The canonical correlation analysis
(CCA) forecast of SST in the central Pacific (Barnett et al. 1988, Science, 241,
192-196; Barnston and Ropelewski 1992, J. Climate, 5, 1316-1345), is shown
in Figs. F1 and F2. This forecast
is produced routinely by the Prediction Branch of the Climate Prediction Center. The
predictions from the National Centers for Environmental Prediction (NCEP) coupled
ocean/atmosphere model (Ji et al. 1998, Mon. Wea. Rev, 126, 1022-1034) are
presented in Figs. F3 and F4a, F4b. Predictions from the Markov model (Xue,
Y. et al. 2000: ENSO prediction with Markov model: The impact of sea level. J. Climate,
13, 849-871) are shown in Figs. F5 and F6.
Predictions from the latest version of the LDEO model (Chen,
D. et al. 2000, Geophys. Res. Let., 27,
2585-2587) are shown in Figs. F7 and F8.
Predictions using linear inverse modeling (Penland and Magorian 1993, J. Climate, 6,
1067-1076) are shown in Figs. F9 and F10.
Predictions from the Scripps / Max Planck Institute (MPI) hybrid coupled model (Barnett et
al. 1993, J. Climate, 6, 1545-1566) are shown in Fig. F11. Predictions from the ENSO-CLIPER statistical model
(Knaff, J. A. and C. W. Landsea 1997, Wea. Forecasting, 12, 633-652) are
shown in Fig. F12. Niņo
3.4 predictions are summarized in F13,
which is provided by the Forecasting
and Prediction Research Group of the IRI.
The CPC and the contributors to the Forecast Forum caution potential users of
this predictive information that they can expect only modest skill.
observed atmospheric and oceanic conditions and recent trends, ENSO-neutral
conditions are expected to continue for the next 3 months.
and atmospheric conditions in the Pacific basin continued to reflect the
neutral phase of the ENSO cycle during June 2004.
Sea surface temperatures were warmer-than-average in the western
equatorial Pacific (Niņo 4 region), near average in the central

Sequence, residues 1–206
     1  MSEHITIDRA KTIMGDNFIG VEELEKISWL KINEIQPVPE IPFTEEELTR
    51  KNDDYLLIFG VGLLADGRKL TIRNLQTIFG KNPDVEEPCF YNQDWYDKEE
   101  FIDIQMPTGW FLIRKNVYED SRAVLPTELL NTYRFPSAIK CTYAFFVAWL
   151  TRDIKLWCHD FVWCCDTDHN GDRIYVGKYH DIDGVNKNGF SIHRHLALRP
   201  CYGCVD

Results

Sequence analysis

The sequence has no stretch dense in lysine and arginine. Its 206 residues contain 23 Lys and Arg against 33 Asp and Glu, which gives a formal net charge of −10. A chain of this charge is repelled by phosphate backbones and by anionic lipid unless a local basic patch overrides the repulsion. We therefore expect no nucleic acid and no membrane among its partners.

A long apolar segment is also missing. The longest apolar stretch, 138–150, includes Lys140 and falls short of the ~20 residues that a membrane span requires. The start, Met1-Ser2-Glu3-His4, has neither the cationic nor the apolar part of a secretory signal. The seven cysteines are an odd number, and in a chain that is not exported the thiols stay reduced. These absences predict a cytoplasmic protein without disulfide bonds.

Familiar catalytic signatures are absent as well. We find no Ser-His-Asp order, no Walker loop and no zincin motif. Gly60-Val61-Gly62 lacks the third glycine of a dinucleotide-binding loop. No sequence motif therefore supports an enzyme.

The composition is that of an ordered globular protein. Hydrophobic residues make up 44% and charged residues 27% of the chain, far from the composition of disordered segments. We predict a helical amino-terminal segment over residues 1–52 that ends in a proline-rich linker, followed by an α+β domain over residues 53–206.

equatorial Pacific (Niņo 3.4 and Niņo 3 regions) and
cooler-than-average in the eastern equatorial
Pacific (Niņo 1+2 region) during the
month (Table T2). Positive
SST anomalies greater than +0.5°C (~1°F) were found between 160°E and
150°W, while negative SST anomalies less than -0.5°C were found
between 95°W and the South American coast (Fig. T9,
past several months, positive SST anomalies have persisted in the
west-central equatorial Pacific (150°E-160°W) (Fig. T9),
low-level easterly wind anomalies (enhanced east-to-west flow) have been
observed over the central equatorial Pacific, and low-level westerly
anomalies have persisted over the western equatorial Pacific (Fig.
T13). These features have favored persistent enhanced tropical
convection (negative OLR anomalies) in the region 140°E-180°W (Fig.
T11). The low-level easterly wind anomalies over the central
equatorial Pacific have also contributed to a steeper-than-average
thermocline slope in the upper ocean, which is reflected in the pattern
of subsurface temperature anomalies [positive (negative) in the
central-western (eastern) equatorial Pacific] (Fig. T17). Both
the surface and subsurface temperature fields showed trends toward
near-average conditions (decreased magnitude of the anomalies) during
intraseasonal variability (MJO activity) in recent months has resulted
in week-to-week and month-to-month variability in many atmospheric and
oceanic indices. During mid-June through early July the easterlies
weakened in many areas of the equatorial Pacific, as enhanced convection
shifted eastward from the Indian Ocean to the western tropical Pacific.
The greatest wind and convection anomalies occurred north of the equator
in the western Pacific, associated with two typhoons. It is too early to
determine whether this event will have any significant impact on the
thermal structure of the equatorial Pacific Ocean.
more than half of the statistical and coupled model forecasts indicate
near neutral conditions in the tropical Pacific (Niņo 3.4 SST anomalies
between -0.5°C and +0.5°C) through the northern summer and fall 2004 (Figs.
F1, F2, F3,
F4a, , F4b, F5,
F6, F7, F8,
F9, F10, F11,
F12, F13). The remaining
forecasts indicate borderline El Niņo conditions (Niņo 3.4 SST
anomalies slightly greater than +0.5°C) will develop within the next
Given the recent trends and observed oceanic and atmospheric patterns
discussed above, ENSO-neutral conditions are expected to continue for
the next 3 months (through September 2004).
Weekly updates of SST, 850-hPa wind, OLR and features of the
equatorial subsurface thermal structure are available on the Climate
Prediction Center homepage at: